Slides 25 and 26 provide further details on our balance sheet and income statement as of and for the three months ended June 30.

Turning to Slide 27, the graph on the top summarizes our quarterly returns on equity over the past five years, and the graph on the bottom summarizes our regular quarterly distributions as well as our special distributions over the same timeframe.

Turning to [Slide 8], this graph illustrates our long history of strong shareholder returns since our IPO.

The next slide summarizes our liquidity and investment capacity as of June 30 in the form of restricted and unrestricted cash, availability on our revolving credit facilities, and debentures available through our SBIC subsidiaries. As Gregory just -- previously highlighted, we made some enhancements to our liability structure during the quarter, which included amendment to the Morgan Stanley revolving credit facility which increased the borrowing capacity through the full-term of the credit facility from $200 million to $400 million. In addition, we repaid and terminated the two SLF credit facilities which were passed the reinvestment periods and significantly under-levered.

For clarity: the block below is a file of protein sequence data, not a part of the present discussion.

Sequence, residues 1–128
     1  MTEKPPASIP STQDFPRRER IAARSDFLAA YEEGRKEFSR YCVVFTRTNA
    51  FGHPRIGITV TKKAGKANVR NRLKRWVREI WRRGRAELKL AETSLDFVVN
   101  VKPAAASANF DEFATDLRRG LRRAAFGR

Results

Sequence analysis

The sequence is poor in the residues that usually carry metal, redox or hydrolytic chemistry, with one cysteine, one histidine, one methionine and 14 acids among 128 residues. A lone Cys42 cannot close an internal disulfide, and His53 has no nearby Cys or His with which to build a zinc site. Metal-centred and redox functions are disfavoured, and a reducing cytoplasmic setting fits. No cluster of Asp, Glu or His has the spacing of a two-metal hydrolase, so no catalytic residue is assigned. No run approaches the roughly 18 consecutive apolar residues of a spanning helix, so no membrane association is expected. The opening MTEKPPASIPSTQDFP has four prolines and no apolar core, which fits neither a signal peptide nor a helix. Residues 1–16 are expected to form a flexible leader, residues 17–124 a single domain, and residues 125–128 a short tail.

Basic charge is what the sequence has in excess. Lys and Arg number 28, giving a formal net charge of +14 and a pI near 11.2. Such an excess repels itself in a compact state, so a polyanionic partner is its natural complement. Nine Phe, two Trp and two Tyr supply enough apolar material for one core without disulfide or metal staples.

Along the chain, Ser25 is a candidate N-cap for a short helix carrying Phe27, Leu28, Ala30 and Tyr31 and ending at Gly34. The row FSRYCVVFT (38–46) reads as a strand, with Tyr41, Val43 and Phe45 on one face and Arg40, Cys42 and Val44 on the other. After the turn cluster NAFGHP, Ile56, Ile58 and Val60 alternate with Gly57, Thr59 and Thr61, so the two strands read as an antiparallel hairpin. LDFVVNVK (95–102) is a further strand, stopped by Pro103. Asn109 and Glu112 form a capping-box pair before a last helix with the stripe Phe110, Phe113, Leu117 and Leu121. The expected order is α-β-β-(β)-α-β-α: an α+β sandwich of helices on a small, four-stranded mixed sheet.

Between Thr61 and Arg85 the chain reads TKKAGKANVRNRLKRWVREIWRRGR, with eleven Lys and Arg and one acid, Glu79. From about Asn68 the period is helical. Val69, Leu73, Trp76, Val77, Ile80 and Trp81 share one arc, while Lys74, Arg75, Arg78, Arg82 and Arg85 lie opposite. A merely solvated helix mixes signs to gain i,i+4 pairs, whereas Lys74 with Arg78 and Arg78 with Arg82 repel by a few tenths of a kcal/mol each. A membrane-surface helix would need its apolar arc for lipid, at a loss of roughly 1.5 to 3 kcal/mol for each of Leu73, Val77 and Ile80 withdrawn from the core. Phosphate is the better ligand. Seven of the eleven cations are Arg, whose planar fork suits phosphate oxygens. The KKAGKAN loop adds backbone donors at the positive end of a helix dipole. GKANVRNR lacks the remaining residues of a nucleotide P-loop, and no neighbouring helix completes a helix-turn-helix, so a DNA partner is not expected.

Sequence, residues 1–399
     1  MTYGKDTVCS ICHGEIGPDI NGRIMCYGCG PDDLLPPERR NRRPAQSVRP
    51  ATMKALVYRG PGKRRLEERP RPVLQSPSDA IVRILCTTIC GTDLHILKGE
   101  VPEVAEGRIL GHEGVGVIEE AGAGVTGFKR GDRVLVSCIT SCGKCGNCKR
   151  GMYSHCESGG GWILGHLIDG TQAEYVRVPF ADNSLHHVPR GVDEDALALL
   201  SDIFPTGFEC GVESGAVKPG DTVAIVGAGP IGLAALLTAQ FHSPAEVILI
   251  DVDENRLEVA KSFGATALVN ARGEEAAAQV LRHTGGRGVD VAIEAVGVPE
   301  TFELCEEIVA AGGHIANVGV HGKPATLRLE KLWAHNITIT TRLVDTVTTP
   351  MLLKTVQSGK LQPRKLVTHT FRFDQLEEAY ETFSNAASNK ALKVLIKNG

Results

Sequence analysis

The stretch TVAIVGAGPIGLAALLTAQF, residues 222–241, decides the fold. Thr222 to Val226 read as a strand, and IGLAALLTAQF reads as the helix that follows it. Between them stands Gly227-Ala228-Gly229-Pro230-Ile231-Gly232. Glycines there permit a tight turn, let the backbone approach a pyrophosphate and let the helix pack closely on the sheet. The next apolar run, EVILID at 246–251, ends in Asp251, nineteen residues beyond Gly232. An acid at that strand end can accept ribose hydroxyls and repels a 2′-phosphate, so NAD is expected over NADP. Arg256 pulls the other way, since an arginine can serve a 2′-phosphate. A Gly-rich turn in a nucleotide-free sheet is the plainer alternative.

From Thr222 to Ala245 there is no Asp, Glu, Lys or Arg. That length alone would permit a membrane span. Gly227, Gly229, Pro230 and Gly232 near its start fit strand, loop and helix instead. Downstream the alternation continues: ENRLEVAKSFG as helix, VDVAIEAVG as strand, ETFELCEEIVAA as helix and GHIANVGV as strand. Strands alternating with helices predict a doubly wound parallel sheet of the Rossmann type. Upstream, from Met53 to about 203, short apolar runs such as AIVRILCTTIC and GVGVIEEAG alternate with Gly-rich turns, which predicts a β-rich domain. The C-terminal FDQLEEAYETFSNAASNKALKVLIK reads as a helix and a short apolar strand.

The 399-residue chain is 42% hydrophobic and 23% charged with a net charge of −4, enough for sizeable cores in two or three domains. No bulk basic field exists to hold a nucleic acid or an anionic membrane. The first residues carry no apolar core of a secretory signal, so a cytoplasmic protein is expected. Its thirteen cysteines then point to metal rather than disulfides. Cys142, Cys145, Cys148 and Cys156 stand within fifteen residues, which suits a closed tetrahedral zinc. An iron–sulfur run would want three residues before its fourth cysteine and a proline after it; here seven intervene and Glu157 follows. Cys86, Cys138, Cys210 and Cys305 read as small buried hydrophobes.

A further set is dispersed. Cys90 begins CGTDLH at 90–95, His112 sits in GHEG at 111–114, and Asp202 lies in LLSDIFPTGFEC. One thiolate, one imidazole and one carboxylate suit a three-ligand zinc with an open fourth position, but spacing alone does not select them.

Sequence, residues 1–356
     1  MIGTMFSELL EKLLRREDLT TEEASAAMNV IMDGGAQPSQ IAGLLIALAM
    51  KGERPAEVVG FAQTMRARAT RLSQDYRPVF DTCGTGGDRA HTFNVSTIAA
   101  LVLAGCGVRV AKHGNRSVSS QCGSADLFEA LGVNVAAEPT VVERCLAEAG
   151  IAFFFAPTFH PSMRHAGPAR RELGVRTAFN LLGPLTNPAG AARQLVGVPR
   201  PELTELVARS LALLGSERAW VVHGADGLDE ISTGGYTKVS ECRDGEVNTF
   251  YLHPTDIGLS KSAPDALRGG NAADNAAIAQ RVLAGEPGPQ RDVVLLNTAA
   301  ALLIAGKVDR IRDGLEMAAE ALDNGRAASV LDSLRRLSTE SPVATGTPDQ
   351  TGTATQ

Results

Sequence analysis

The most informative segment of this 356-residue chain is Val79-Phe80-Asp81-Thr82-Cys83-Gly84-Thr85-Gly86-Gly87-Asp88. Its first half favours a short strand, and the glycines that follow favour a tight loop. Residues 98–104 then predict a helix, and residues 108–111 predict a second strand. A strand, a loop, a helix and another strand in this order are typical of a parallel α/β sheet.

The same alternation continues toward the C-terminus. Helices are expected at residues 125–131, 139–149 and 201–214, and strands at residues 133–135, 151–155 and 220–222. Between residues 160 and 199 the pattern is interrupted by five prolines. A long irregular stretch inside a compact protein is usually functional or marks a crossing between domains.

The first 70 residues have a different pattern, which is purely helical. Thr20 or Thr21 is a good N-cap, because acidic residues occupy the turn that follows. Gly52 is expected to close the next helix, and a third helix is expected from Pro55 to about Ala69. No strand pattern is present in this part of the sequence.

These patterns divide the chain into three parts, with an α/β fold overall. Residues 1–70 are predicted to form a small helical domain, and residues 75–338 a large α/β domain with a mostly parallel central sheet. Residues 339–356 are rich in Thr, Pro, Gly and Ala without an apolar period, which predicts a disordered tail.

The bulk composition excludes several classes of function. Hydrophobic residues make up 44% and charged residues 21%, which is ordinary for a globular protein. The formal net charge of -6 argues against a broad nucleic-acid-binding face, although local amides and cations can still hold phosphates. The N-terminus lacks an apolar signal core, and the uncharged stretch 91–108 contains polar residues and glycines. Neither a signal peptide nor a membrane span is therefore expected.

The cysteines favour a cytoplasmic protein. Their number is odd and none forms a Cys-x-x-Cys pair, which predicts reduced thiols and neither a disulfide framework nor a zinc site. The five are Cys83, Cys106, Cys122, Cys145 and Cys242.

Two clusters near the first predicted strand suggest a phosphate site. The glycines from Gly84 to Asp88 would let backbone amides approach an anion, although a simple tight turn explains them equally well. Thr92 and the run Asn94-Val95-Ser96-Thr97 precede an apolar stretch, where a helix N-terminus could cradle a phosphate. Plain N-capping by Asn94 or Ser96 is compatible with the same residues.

Slide 30 summarizes the terms of our debt facilities as of June 30, as well as our focus on diversified long-term and stable sources of debt capital.

With that, I'll turn it back to David for some closing remarks.

David B. Golub -- Chief Executive Officer